3. Not Enough Runtime

This one is not something a lot of people think about; your system might not be on long enough to make a difference. Your filter can only clean the air while your system is running, if your system is off then no air is being pulled through the filter. The best thing you can do to combat this is make sure the system you have in your home is the correct size and focus on minimizing the stuff that would need filtered out. You can do this by adding a standalone filter to your home or by Aerosealing your ductwork.

4. Not Changing or Using the Wrong Filter

Each system has different requirements when it comes to how often you should change your filter but if you don’t change it at all not only is the air not being filtered your system now has to work even harder to pull in air causing stress. The same thing can be said if you use the wrong filter, a basic filter is mostly designed to keep out pet hair, spiders, or lost socks. If you truly want to filter your air you need to invest in a MERV rated filter and the higher the number, the more stuff you filter out.

5. Filter in the Wrong Place

This one might also seem like a no brainer, but you would be surprised what we find when going to clean a HVAC system.

If you over come these obstacles, you should see an improvement in the air quality within your home.

Bailes, Allison. “Air Quality.” How Your House Works, 2012, pp. 99–105., doi:10.1002/9781118286074.ch5

Keeping up the Humidity

This time of year, it is common to wake up with a dry nose, or a scratchy throat. Later in the day you might even experience nosebleeds, chapped lips, dry skin, or an increase of acne. You might also notice an increase in static electricity, creaks in hardwood floors, or hardwood furniture starting to crack, these are all symptoms of the air becoming drier during the winter months. Which brings us to the question, what can I do about it?

                Warmer air holds more moisture than cold air and in winter that cold air seeps into your home.  While you can turn up your heat an make your home nice and toasty again just turning on the heat doesn’t bring moisture back into the air, for that you need a humidifier. Most people choose to use a portable humidifier but if you have an HVAC system you can install a whole home humidifier.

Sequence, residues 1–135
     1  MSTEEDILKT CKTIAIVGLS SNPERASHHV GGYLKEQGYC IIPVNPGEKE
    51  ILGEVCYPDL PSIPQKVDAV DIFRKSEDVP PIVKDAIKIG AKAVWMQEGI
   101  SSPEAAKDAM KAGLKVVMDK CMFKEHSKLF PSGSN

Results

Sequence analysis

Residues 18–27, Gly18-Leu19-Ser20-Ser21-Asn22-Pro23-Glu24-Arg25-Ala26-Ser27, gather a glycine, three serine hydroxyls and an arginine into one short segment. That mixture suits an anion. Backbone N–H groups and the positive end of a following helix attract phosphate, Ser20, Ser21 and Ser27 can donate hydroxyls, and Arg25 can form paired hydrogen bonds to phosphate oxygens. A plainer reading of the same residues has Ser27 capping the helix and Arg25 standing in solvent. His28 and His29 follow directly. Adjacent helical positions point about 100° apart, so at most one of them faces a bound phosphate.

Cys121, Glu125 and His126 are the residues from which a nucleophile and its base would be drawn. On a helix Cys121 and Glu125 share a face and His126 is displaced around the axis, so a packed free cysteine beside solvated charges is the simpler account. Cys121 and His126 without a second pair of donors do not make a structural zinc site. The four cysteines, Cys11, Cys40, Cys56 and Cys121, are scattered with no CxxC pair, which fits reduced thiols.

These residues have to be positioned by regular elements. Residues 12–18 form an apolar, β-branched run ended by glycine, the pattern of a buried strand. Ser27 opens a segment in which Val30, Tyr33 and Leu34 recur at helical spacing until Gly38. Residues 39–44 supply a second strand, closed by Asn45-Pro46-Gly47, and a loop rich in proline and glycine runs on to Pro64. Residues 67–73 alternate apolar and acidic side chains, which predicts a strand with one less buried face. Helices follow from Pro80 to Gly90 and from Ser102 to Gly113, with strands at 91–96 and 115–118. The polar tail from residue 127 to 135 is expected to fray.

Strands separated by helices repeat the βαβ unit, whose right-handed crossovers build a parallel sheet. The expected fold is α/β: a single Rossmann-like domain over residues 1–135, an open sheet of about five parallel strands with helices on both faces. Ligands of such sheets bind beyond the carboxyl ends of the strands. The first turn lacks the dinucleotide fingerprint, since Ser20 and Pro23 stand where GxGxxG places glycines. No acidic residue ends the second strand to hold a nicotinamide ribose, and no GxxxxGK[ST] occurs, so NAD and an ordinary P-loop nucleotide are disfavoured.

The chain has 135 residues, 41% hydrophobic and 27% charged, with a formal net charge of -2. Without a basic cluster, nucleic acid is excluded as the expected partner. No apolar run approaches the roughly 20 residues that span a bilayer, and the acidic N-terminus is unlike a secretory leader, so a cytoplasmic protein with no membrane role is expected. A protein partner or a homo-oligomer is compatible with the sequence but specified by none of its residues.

A whole house humidifier should not be confused with a portable humidifier. A portable humidifier is a device that you plug into the wall and place in the middle of a room. These humidifiers can only control the humidity of one room at a time, and they require frequent maintenance like changing the water and keeping the device clean. A whole house humidifier, on the other hand, is installed directly in your heating system’s ductwork. When your furnace is cycling and heating air in your home, that air is also humidified by the whole house humidifier. This means that every room in your home can enjoy humidified air by using a single unit.

A whole house humidifier is installed in your ductwork near your furnace, either on the supply or return end. The unit is also connected directly to your home’s water supply. Inside of the humidifier is a either a humidifier pad, a rotating drum or a steaming system that is used to distribute water to your home’s air. While the humidifier is running, water continuously runs down the humidifier pad, is collected by the rotating drum or is misted into the device, depending on your model. When air from your ducts enters the humidifier, it is exposed to the water inside. The water evaporates into the air, which increases the moisture levels of the air that exits the humidifier on the other side. While your furnace is running, a portion of the air that it cycles is directed into the humidifier. That air goes through the humidifier and joins back up with the rest of your home’s airflow. As a result, all the air that’s delivered to your home has higher moisture levels, which effectively raises the humidity in every room.

Fortunately, whole house humidifiers require very little maintenance. If your model uses a humidifier pad or filter, the media typically needs to be replaced about once per year. If you have a steam humidifier, it simply needs to be cleaned annually. When having your whole home humidifier cleaned ensure you use a HVAC company familiar with whole home humidifiers, when improperly maintained they can lead to mold growth inside your duct work.